But just lately, now that I'm thinking in terms of a collective subconscious, I'm wondering if that's what it wants. Maybe part of our motivation to build this world was its novelty. Now if it crashes, we'll be like "been there, done that," and instead of doing the same kind of thing again, we'll turn our big brains to something so different, that when space aliens do it, we see no evidence of their existence.

There's another thing in Earth Abides that never occurred to me: even the survivors of a deep crash might die out from shock, because they just can't wrap their heads around a post-crash world. But in this way, we're much better off than our grandparents, because we've all seen postapocalypse fiction. We'll be like, "This isn't what I expected from playing Fallout or watching The Walking Dead, but it's close enough that I can figure out what to do."

November 1. http://ranprieur.com/#a14458d86a132acddb669a9855d62ce6136300ed 2017-11-01T13:10:33Z November 1. I will probably not be posting again until the middle of next week. Today, a bunch of stray links.

Critical Shower Thoughts is a subreddit for ambitious questions and answers on various political and philosophical subjects.

And a few more from reddit. This comment tells the story of how Keith Jarrett recorded a classic solo piano album when he was forced to adapt to a crappy piano. It reminds me of another musical story, from the PBS Rock and Roll documentary, where some other band found the exact mixing board that New Order used for their landmark hit "Blue Monday", and they expected it to be intuitive and easy to use, but it turned out to be painful and difficult. There's a saying, "Genius emerges from constraint."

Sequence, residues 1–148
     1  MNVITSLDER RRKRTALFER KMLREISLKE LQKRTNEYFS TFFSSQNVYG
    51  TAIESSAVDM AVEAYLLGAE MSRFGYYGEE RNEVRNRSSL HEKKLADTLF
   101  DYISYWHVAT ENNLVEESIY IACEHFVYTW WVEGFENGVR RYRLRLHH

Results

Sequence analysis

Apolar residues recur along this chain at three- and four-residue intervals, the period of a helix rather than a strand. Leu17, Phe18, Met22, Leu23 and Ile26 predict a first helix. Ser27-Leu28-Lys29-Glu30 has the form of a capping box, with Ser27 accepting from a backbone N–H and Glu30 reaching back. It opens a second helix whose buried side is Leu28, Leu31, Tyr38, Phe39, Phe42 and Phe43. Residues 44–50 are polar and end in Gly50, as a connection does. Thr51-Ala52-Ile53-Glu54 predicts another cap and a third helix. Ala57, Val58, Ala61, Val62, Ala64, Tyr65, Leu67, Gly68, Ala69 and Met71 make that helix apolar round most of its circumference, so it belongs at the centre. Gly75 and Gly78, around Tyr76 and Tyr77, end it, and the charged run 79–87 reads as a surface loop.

An inspiring thread about secret employee nests.

And a more inspiring thread, What's the story about the person you once met in a day and you never saw again, but marked you for the rest of your life?

On the subject of how much room there is for the world to get better, The scientists persuading terrorists to spill their secrets, showing how winning trust works much better than torture. I think the reason there's still so much torture, is that the torturers enjoy it. Also, in a dictatorship, the dictator enjoys the thought that his enemies are suffering -- and in a democracy, sometimes the public enjoys it.

Another example of how much room there is for the world to get better, The Grain That Tastes Like Wheat, but Grows Like a Prairie Grass.

And a great trippy gif, The view from under the tap.